Old Whitehall’s traditions were revived by the hotel which contains on its ground floor level a famed suite of banqueting apartments known as the Whitehall Rooms. Whitehall Place, on which one side of the hostelry opens, also keeps alive the name of this locality. These apartments have frequently had as guests at great dinners King Edward, King George (while Prince of Wales), the late Duke of Cambridge, and the Duke of Connaught. One of the most notable of these historic dinners was that given by the United Service Club on November 4, 1887, for the Duke of Cambridge. The mere list of guests at that function seemed to include the most eminent names in England.

On September 18, 1903, King Edward, who was represented by the Duke of Connaught, gave a banquet in the Whitehall Rooms in honor of the foreign officers who had been attending the army maneuvers. The dinner was a “command” one, which meant that all the officers present wore full-dress uniform, and the scene was one of splendor. The Whitehall Rooms have become noted for regimental dinners which are held there annually in the season. These are usually attended by royal personages, and a list would look like a page of the “Almanach de Gotha.” Many of the great city companies of London give, their annual dinners at the Metropole. The passing of the old year is another custom which is celebrated there with the proper amount of noise and gaiety the occasion is usually believed to demand. In 1921 the Metropole began to give the “Midnight Follies,” a style of entertainment which was then new in London. It was explained to be “a fight for brighter London,” and as the London County Council seemed to be properly horrified at the innovation, when it recovered its composure it ordered that costumes should not be worn by the per-formers and that there should be no more than six persons in the cast. But the press and the public sided with the hotel, and the L. C. C. “slowly but surely weakened,” so within a few months many artists who had been familiar to American and Paris review audiences were introduced to London. By degrees the performance was directed away from the cabaret idea, playlets were introduced and the Midnight Follies became the vogue, especially as members of the Royal family were frequent visitors.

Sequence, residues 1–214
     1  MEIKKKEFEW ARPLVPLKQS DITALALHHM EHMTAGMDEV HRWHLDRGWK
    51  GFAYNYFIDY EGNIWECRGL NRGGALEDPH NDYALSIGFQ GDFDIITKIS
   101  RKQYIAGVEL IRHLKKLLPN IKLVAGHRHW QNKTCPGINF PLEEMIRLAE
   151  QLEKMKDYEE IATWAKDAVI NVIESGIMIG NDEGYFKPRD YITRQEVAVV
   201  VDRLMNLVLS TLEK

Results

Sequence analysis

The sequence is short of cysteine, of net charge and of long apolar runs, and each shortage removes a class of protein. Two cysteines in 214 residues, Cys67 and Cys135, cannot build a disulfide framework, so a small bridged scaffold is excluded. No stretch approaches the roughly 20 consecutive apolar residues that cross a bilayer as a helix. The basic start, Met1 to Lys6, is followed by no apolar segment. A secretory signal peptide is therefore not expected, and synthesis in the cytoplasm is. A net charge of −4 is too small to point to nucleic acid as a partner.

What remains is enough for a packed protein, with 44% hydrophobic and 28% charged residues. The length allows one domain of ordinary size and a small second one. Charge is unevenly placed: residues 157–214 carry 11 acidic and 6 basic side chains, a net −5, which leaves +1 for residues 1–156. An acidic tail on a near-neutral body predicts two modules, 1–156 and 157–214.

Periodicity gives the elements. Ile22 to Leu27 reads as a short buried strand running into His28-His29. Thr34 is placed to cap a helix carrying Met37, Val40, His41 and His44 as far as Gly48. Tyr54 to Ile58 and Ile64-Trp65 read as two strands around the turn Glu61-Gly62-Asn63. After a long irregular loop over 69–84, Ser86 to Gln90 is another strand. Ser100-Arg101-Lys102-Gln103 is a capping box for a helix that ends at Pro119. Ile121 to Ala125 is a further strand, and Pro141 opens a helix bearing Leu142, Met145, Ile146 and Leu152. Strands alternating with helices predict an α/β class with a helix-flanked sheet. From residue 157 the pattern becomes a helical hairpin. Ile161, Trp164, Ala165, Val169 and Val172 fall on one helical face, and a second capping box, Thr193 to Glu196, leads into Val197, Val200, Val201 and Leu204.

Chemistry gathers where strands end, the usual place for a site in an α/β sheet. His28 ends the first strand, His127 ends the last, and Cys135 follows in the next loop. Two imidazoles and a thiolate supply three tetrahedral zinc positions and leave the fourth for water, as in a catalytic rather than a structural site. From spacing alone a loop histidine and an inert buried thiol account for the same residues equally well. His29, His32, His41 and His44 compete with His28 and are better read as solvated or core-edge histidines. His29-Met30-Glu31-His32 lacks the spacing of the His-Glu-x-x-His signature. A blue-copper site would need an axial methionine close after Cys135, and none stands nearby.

When Daniel Webster went to the British Isles, in 1839, he stopped in London at the Brunswick; in Liverpool at the Adelphi, and in Edinburgh at the Douglas. All of these houses have passed away, but in Liverpool is a new Adelphi Hotel which is very modern, having been built only a few years ago, and the equal of American hotels in its conveniences.